Originally Posted by dougdirt
While that information would be nice, I just dont think there is enough out there to figure it out. Prospects are handled so much differently now than they were even 10 years ago, so I dont think the information would be very telling over time, becuase of the way things have changed.
I'd take the exact opposite position - it's not that there is a lack of information. Instead, there's an overabundance of information. Places like baseball-reference.com, baseballcube.com, etc already have most of this information (draft position, minor/major league stats, etc) in a data base. The work comes in parsing the data (for example, to do a regional study, do you divide the country up into 50 states, 6 regions, 4 regions, etc?). Coding the data would be a heck of a lot of work, but in this day in age, the data is most certainly there.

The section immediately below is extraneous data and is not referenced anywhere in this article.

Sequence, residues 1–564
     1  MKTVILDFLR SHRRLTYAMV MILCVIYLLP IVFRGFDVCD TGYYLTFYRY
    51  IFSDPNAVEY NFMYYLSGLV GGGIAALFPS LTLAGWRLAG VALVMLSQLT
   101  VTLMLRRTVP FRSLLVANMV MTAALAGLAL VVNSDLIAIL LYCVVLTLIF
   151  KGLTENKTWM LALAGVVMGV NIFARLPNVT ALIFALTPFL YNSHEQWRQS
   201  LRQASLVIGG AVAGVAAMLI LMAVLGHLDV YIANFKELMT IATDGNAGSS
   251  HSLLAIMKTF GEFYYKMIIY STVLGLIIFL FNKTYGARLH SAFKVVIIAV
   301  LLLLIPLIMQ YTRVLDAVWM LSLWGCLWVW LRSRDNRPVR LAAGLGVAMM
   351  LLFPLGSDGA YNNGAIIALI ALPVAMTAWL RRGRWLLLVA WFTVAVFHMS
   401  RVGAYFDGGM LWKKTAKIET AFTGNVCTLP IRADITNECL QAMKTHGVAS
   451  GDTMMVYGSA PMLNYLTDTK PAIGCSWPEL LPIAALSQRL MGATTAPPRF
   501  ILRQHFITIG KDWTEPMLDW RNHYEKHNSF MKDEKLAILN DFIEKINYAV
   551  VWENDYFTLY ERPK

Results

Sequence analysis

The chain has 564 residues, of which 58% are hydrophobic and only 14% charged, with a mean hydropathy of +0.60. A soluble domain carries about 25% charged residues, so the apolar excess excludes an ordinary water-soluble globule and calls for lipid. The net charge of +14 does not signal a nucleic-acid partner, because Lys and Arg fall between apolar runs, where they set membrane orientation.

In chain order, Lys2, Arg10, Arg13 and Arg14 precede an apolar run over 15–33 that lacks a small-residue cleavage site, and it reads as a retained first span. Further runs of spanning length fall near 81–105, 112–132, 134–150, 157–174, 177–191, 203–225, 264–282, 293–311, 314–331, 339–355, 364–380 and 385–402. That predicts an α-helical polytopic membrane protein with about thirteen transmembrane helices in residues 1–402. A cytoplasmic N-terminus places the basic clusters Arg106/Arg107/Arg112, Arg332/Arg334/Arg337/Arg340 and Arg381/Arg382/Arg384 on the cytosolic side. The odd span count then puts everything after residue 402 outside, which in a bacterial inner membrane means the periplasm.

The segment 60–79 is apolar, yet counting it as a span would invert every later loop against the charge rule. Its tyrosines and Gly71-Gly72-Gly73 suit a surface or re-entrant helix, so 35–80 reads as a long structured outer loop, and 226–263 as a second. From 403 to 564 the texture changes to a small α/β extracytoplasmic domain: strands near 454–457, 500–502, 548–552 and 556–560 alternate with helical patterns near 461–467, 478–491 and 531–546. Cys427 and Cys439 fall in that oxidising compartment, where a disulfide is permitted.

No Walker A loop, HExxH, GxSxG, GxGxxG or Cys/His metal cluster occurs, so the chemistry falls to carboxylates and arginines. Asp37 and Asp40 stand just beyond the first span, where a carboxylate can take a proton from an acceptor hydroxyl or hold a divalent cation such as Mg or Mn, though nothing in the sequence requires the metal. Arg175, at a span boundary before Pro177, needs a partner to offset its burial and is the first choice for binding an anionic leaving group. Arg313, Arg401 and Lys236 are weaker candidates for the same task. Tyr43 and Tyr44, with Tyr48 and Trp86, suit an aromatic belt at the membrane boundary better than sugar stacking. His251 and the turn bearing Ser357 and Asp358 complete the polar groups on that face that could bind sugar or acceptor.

I also think there's some value in the study even though you claim that minor leaguers are handled differently than they were 10 years ago. You might find, for example, that over time, kids from (insert state/region here) fare better in their development than kids from the rest of the nation, regardless of the minor league operations. That would indicate that maybe the Little League / Pony League / AAU / High School systems at the local or regional level have more of an impact than originally thought. There's certainly some logic there - kids who are taught better at an earlier age are more likely to not have bad habits / techniques that lead to the inevitable injuries, etc. Conversely, you might find that there has been a change with the way that kids from state/region X have gone from being drafted to actually being a regular big leaguer. Some evidence there would give credence to the argument that minor league instruction is more important than finding kids from solid programs either at the junior high, high school, or college levels.
I like the Late Bloomer hypothesis that M2's working.